Cooper’s Hawk Found in Lowell Released
North Grafton, MA, April 7, 2008
Clinicians at the Wildlife Clinic of the Cummings School of Veterinary Medicine at Tufts University released a Cooper’s hawk today, as the bird was deemed fully recovered from a shoulder fracture. The release took place at 10:30 on Monday near the Bernice Barbour Wildlife Building at 200 Westboro Road in North Grafton.
Massachusetts Senator Steven Panagiotakos, chairman of the Ways & Means Committee, phoned in a call about a bird in distress when he saw it flapping its wings and trying to cross a busy Lowell intersection on February 23. Animal Control Officer Robert Pickard caught the hawk near the intersection of Appleton and Gorham Streets. Pickard relayed the bird to Massachusetts Environmental Police, who brought it to the Cummings School on February 25th for examination, treatment, and rehabilitation.
The adult male Cooper’s hawk—believed to be born in the spring of 2007—was treated at the Cummings School’s Wildlife Clinic for a fracture of its right coracoid, part of its shoulder joint. An old fracture of its left wrist proved not to impede the hawk’s normal abilities. Because of the location of the bird’s fracture, it was not known initially whether it would be able to fly well enough to be released to the wild, according to Florina Tseng, DVM, director of the Wildlife Clinic at the Cummings School. However, the bird soon regained its ability to fly and soared quickly away after its release Monday.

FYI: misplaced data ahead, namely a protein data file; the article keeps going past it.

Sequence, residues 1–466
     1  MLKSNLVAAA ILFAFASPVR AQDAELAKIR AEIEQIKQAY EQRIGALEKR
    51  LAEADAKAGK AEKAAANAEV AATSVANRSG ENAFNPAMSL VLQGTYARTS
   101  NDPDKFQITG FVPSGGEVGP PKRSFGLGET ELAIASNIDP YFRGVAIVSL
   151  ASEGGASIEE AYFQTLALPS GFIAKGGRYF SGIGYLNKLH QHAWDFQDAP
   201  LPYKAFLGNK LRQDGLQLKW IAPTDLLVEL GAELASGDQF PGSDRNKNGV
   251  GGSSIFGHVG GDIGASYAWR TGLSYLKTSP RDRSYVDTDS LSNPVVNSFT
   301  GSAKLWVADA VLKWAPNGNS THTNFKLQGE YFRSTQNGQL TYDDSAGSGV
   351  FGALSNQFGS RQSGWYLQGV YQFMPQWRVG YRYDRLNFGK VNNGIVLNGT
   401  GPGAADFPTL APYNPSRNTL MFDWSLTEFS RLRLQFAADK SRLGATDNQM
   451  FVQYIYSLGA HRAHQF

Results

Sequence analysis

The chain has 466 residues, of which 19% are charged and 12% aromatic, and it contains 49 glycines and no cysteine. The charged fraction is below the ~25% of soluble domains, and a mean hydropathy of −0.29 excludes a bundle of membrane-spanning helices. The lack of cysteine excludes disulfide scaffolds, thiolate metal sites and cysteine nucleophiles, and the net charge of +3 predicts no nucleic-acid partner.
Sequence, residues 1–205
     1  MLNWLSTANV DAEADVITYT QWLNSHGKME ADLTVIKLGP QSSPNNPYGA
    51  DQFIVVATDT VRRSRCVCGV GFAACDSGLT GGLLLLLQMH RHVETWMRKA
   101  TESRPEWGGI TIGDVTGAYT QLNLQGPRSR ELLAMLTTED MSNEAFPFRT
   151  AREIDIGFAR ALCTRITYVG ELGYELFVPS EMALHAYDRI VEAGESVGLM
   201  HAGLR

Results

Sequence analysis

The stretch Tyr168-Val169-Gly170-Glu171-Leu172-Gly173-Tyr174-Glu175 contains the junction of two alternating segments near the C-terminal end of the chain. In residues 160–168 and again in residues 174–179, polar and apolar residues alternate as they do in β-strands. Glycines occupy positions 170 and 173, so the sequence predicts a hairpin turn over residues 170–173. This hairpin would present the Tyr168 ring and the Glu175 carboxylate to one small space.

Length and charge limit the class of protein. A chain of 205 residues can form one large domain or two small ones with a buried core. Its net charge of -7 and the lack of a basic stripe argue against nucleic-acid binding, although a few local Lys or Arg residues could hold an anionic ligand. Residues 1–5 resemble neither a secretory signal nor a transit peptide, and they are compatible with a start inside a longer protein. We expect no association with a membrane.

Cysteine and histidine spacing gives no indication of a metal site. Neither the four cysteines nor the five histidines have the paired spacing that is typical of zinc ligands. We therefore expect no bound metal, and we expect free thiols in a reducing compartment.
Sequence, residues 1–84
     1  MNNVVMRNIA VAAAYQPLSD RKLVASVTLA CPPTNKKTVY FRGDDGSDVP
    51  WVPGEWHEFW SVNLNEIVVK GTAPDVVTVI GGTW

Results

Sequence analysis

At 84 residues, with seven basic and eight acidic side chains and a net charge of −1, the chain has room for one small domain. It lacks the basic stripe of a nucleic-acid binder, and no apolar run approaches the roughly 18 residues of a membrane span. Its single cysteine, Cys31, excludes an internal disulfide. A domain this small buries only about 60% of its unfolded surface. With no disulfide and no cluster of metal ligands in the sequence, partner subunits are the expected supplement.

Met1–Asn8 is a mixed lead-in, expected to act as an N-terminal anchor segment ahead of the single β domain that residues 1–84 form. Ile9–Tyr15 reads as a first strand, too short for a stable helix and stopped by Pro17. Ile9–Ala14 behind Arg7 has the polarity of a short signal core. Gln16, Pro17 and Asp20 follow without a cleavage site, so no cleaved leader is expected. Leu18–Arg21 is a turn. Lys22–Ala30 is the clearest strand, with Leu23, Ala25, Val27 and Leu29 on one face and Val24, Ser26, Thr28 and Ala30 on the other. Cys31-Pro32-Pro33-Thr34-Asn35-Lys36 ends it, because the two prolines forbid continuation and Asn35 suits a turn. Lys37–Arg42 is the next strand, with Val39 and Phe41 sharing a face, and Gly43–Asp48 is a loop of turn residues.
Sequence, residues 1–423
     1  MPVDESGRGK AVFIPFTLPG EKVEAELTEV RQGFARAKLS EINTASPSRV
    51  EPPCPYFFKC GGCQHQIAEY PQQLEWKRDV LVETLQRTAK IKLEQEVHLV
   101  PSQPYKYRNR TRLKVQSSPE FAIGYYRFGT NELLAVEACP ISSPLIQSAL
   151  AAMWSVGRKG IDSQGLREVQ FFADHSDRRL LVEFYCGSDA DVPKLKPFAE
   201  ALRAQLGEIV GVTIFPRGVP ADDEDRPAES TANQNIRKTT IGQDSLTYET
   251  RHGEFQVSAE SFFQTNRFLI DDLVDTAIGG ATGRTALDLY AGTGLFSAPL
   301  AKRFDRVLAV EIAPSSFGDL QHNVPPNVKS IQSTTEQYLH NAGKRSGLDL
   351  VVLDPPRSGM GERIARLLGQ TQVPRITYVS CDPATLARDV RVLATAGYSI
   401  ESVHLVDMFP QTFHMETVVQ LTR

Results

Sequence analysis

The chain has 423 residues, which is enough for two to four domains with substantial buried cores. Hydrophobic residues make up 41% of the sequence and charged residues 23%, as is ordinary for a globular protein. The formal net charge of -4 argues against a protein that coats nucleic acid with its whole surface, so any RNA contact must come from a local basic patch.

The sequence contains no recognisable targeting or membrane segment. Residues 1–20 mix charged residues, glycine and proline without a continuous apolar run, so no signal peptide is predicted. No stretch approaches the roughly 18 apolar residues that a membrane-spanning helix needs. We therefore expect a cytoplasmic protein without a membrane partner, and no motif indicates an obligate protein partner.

Senator Panagiotakos checked in often on the bird’s progress—and even requested that the clinic name the bird
Aiello, after the park and coffee shop in Lowell.
What’s more, Sen. Panagiotakos, who has a lifelong interest in hawks, had originally planned a ceremony in Lowell for the hawk’s release. However, when Cummings School clinicians advised the senator of the dangers that transporting the hawk to Lowell might pose to the newly rehabilitated bird, he canceled the ceremony so that the bird could be released more safely from the Cummings School’s North Grafton campus.
Senator Panagiotakos has long been a friend of the Cummings School of Veterinary Medicine, and we are pleased that we have a happy ending for this story he is so closely associated with, said Deborah T. Kochevar, DVM, PhD, dean of the Cummings School.
His involvement with Aiello’s treatment and recovery shows a deep passion for wildlife, and we have truly enjoyed working with him.
Dr. Kochevar went on to say that Sen. Panagiotakos and the other bystanders who originally saw the injured bird in Lowell acted appropriately when they encountered an injured wild animal—called the police, watched from a distance, and did not try to touch the animal.
Prior to release, clinicians at the Cummings School affixed a band from the Massachusetts Department of Fish and Wildlife to the hawk’s talon so that it can be tracked in the wild.
Housed in the Bernice Barbour Wildlife Medicine Building, the Wildlife Clinic at the Cummings School treats more than 1,500 animals each year, and serves as a regional resource for many veterinarians, health professionals, and wildlife biologists. Skills and knowledge are exchanged through programs of cooperative teaching and continuing education. The clinic contains all the latest diagnostic, medical and surgical capabilities to house and treat a broad range of sick and injured native wildlife. All veterinary students at the Cummings School are required to do at least one rotation at the clinic.